So you have just found out that there is another little addition on the way; a sibling for your toddler. It may have been planned or an unexpected gift, but there are some things to think about and do before the new arrival in terms of preparing your oldest child(ren).
When you feel ready to announce to the world that you are having a baby, that is the time to start preparing your young one. Depending on the age of your toddler, you may or may not directly tell them about the impending birth, but there are other things you might do. If they are under 18 months, they may not fully understand the implications of having a younger brother or sister. However, preparing them in advance for sibling relationships seems to be the most logical approach. For one, you could begin moving your child into a bed (if they are old enough) so they do not “blame” the new baby for taking their cot. If you plan on making any other changes in your toddler’s life, these need to be organised well before the arrival so they do not associate these with the new baby. Let your child know that the baby will NOT be able to play with them, but they will sleep or cry nearly all the time (at least from your toddler’s perspective!). Explain to your toddler know what an important role being a big brother or sister is. Describe it with great enthusiasm (eg. “You can be a great helper with the new baby by helping bathe feed/dress/rock the baby”, etc.).
Here are some ideas that you can organise before you go to the hospital. Some people wrap a small gift for their toddler and place it in the baby’s hospital bed so the baby can “give” him or her the present. Another suggestion is to have small gifts for every day that your toddler visits so they do not feel that the baby is getting everything. This also ensures that your toddler has something new to keep them occupied and distracted while others are admiring your new baby. Another great idea is to let your toddler choose which outfit the new baby will wear home from hospital. This way they feel more included and important in the process of the homecoming.
Toddlers love to help! Include your child in all of the tasks involved in caring for a baby. They really can be a great help getting nappies or bibs, and they love to help entertain a baby to keep them quiet. When the baby is being fed, your toddler can “feed” his or her teddy or doll with you.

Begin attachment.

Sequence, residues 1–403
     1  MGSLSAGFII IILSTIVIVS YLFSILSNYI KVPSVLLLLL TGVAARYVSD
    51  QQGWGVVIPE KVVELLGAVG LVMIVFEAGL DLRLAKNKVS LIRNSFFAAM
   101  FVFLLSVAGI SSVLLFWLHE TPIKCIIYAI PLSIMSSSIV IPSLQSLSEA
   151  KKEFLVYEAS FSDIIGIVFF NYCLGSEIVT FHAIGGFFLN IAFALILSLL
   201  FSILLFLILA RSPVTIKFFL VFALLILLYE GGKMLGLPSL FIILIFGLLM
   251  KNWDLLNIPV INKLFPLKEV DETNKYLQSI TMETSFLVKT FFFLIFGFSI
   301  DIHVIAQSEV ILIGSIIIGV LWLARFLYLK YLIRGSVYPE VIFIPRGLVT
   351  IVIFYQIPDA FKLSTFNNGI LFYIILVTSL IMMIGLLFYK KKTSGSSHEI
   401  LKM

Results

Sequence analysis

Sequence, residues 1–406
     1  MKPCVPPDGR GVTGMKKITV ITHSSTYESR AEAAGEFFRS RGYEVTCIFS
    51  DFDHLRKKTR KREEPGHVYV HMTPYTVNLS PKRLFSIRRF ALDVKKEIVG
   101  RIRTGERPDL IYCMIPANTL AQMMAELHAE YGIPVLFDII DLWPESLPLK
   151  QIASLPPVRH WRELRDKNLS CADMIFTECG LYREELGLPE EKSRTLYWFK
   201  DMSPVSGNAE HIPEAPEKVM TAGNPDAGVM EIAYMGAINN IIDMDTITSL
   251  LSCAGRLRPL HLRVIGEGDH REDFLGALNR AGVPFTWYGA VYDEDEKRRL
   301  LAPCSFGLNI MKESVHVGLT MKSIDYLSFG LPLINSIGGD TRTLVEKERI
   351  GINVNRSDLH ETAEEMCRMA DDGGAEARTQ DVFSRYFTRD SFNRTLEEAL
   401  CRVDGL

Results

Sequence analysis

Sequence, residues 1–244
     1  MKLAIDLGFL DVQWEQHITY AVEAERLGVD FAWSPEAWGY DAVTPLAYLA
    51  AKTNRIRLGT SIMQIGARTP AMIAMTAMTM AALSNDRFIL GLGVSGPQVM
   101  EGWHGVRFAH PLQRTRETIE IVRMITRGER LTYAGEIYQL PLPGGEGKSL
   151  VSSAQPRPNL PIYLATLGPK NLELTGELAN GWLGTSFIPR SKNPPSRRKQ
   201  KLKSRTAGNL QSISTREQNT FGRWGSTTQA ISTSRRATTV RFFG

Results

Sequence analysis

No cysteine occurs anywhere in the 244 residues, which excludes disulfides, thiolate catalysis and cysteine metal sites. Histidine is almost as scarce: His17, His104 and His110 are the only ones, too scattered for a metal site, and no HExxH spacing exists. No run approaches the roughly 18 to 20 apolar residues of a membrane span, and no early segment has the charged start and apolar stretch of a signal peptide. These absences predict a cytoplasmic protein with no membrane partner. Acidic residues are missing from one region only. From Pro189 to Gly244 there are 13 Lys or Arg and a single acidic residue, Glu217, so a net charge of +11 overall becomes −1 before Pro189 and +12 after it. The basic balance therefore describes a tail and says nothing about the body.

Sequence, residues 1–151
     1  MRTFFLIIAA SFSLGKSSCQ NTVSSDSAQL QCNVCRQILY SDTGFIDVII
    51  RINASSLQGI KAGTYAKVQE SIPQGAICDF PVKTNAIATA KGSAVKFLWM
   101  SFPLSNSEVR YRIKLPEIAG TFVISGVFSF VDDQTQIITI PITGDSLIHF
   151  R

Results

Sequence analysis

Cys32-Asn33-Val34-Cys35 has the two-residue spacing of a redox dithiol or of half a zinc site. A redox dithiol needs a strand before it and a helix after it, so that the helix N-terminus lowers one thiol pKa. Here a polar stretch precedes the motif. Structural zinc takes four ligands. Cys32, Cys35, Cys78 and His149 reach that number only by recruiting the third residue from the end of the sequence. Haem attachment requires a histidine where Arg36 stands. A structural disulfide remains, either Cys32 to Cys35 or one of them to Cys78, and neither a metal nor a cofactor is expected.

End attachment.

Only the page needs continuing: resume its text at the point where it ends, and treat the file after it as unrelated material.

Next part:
The reality is, the young baby is not a new person to play with. Your toddler may see the new family member as in imposition at times because mum and dad’s attention is taken away from them. So as parents it is important to make sure that you spend some individual quality time teaching them about sibling relationships while doing other fun things. This can be a great opportunity for parents to brush up on their jigsaw puzzle skills! Some other fun activities you can do with your toddler can include reading together, card games (I am sure we all remember playing “Go Fish” or “Snap” when we were young!), noughts and crosses, singing songs (not just nursery rhymes, but songs that you both enjoy), or even drawing together.
Having said that, it is equally as important to schedule some “together time” as well! You are now a slightly larger family, and you need to arrange some positive situations where you can all experiment with and get accustomed to the new dynamics and personalities.
Keep in mind that even the most passive and sensitive toddler is likely to succumb to jealousy at some stage after the arrival of the new addition. Again, we can attempt to reduce this, but feeling displaced by a new baby is something to be expected.
As they get a little older, it is essential to do some reading about sibling relationships and rivalry. The fact is, it is a healthy way of working out how best to behave in relationships in a relatively safe learning environment. Even though as parents it often upsets us because we dislike the arguments between our precious children, it is important for them to learn which behaviours work and which ones do not. Of course parents should intervene if someone is getting physically hurt, or if they are obviously unable to sort out the problem. Otherwise it’s a good idea to let them try and sort out their difference themselves as much as possible.
After the birth of a second or subsequent child, we need to remember to look after ourselves. There are so many things that we need to think about (eg. older sibling(s), new baby, hormonal changes in the mother, reduction in income if the mother was working, loss of sleep, etc.). There are a lot of pressures on us as parents, and we need to make sure that we look after ourselves at this time. If your baby is asleep, that is a good time to have a rest yourself. And your toddler can have a nap too! But if your toddler has given up naps, then teach him or her to enjoy books, pencils and paper, or even a DVD!
Adding another member to your family is such a rewarding and exciting experience. It changes the dynamics in the family and is such a wonderful learning experience for everyone. Sibling relationships can teach your older child(ren) a great deal about behaviour, sharing, and empathy which is something they will take with them through to adulthood.
For more information see Emotional Development.
By Sally-Anne McCormack M.A.P.S.
Dip T (Psych Maj); Postgrad Dip Psych (Ed); B Ed: M Psych (Ed & Dev)